When you live alone, you can think of all kinds of bad things that might happen to you. A few years ago, my father fell and broke his hip. He spent hours crawling through the backyard and the garage to the driveway, where he lay waving his hat until a neighbor saw him. I don’t know what would have happened if the big garage door had not been open.
So you think of that, falling and breaking a hip. Having a heart attack, stroke or seizure. Choking on a fish bone. Fainting. Falling and not being able to get up. Or being robbed, beat up, killed or raped.
Out here in the woods, where the houses are far apart, I’m not sure anyone would hear me calling for help. Unlike in the TV shows where friends are always dropping in, I can go a month without another person coming through my door. The gardeners only come every few weeks.
Knowing things could happen, I am super careful. But I never expected what happened yesterday when I sat down on my foldup canvas chair and the seat tore. Once it started tearing, it went all the way before I could get up. Suddenly I was trapped in the frame, wondering how the hell I was going to get out of it. It was one of those cheap chairs with the drink holder, the kind you take to parades or the beach. Was it Oregon-weathered just enough, do I weigh more than it could handle, or was it just that I flopped down in the unladylike way my mother always told me not to do?
Whatever, there I was with my butt on my newly painted deck, my arms caught on the arms of the chair, laughing but also wondering: How am I going to get out of this? I’m 68 years old. I have bum knees and arthritis. I wasn’t really injured, thank God, although my arms and my right shoulder hurt and my back was a little tweaked, but I was sure stuck. My cell phone was in the house. I had only planned to sit long enough to put on my shoes so I could take Annie for a walk.
I pushed. Nothing. I had chair frame on all sides of me. Was there some way to collapse it? No, my body was in the way. Could I tip myself over to the side and crawl out? It wouldn’t tip easily and I was afraid I’d get hurt if the chair and I fell hard. Damn. What I really needed at that point was another person to pull me up. It wouldn’t take much, just a little more power than I had, and then we’d laugh about it. But I was on my own. I had to get myself out of this fix.
I sat there for a minute, considering my options. “Okay,” I told myself. “Be strong!” I pushed with everything I had and managed to stand enough to grab the top of the nearby hot tub and haul myself out of that chair. Then I stared at it. I had just been sitting in it reading a couple hours earlier. Now the seat was completely ripped out. I picked it up and threw it on the growing pile of things that have to go the dump. Then I pulled it out to take a picture because, you know, I have to share everything with you.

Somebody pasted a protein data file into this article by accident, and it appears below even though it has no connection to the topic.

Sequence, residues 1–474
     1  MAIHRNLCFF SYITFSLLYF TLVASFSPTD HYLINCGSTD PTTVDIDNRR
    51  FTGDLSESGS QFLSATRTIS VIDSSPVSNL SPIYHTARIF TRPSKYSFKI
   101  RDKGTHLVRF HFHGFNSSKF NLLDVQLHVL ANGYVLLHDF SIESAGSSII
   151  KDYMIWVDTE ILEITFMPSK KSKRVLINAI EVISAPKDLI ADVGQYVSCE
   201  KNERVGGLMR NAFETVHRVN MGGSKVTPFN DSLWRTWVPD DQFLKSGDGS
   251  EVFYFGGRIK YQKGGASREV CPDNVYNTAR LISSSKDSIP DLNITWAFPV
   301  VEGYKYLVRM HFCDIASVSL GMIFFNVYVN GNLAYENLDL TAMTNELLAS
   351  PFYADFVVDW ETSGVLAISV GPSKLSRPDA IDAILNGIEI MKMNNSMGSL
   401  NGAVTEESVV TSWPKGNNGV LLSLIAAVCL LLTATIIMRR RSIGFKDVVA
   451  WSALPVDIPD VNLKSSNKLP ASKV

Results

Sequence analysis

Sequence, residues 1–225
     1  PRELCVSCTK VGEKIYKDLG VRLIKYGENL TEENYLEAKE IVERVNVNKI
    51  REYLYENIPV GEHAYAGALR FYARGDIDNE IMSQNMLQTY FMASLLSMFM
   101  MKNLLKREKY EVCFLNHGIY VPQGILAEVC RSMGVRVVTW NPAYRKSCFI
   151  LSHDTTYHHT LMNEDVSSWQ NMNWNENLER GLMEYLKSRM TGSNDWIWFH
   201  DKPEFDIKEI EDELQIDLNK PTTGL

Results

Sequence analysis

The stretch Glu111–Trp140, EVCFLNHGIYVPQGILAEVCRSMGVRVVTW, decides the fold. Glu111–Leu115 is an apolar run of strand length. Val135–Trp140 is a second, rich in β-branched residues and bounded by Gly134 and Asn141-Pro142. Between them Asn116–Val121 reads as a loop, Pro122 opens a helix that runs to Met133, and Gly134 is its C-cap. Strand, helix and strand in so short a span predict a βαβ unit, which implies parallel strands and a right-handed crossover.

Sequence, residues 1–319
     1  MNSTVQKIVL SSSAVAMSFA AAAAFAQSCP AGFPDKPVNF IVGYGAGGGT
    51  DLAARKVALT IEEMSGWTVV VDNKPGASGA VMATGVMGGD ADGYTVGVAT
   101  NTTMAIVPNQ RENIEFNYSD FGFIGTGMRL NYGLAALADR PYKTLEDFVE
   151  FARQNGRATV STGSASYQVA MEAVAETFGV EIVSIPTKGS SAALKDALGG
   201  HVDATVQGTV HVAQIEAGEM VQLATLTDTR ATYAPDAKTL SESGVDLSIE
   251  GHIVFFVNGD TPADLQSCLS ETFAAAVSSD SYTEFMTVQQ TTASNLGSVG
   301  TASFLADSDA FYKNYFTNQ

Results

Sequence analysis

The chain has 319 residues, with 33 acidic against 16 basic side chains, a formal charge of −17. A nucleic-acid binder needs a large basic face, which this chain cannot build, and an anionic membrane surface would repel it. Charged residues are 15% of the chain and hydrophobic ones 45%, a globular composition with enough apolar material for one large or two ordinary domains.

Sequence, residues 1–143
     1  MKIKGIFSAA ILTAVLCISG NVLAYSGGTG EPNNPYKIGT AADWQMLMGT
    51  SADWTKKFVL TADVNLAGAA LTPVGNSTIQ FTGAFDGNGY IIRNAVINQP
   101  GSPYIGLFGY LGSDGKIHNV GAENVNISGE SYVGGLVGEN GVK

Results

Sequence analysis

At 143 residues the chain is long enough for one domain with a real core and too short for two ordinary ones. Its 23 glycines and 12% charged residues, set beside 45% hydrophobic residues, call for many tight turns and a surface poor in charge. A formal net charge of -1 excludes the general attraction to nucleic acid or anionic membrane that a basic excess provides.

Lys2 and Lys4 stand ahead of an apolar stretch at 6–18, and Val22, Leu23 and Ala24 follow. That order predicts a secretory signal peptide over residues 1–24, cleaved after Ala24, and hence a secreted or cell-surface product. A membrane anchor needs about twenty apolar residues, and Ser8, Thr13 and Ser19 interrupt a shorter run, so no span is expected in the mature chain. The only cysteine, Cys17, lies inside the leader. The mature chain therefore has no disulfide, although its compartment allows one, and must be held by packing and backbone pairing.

We went for our walk, but my legs were shaking. I came home, opened a beer, and went back to watching videos—Netflix, “In the Dark,” gripping series about a blind woman and her friends caught in a web of crime.
Friends, beware of those canvas chairs. This one was Glacier’s Edge brand from Fred Meyer. The label says it’s not safe around fire and only holds one person at a time, up to 225 pounds. Well, I weigh considerably less than that. Do not stand on the chair or sit on the arms, it says. Keep your fingers out of the hinged areas. Well, sure, but what if the seat rips out from under you?
I really need some new deck furniture.
And a roommate with opposable thumbs. I’m rethinking this whole living-alone business. And yes, I know, always carry my phone or get a Life Alert button.
Ever had a run-in with a cheap canvas chair?
4 thoughts on “Beware the Killer Folding Chair”
No but I got stranded on the balcony when the inside bar to the sliding glass door dropped into the safety bracket. The only thing on the balcony was a hanging plant. I used the wire from the plant hanger, stuck it through the crack, and lifted the bar. Took a few hours.
Wow. That was very smart of you. I’m glad you got back in.
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This just happened to me, at 66. On my porch on the third floor. I called out for help to no avail. I was trapped for about 1/2 an hour. I finally worked my way out of the frame. Next day I am shaken, very bruised up from trying to rock the chair frame over to a railing so I could pull myself up. Somehow it’s comforting to find that it is not so unusual.
I’m so sorry this happened to you. It is very unsettling and I’m wary of all folding chairs now. They ought to come with a warning.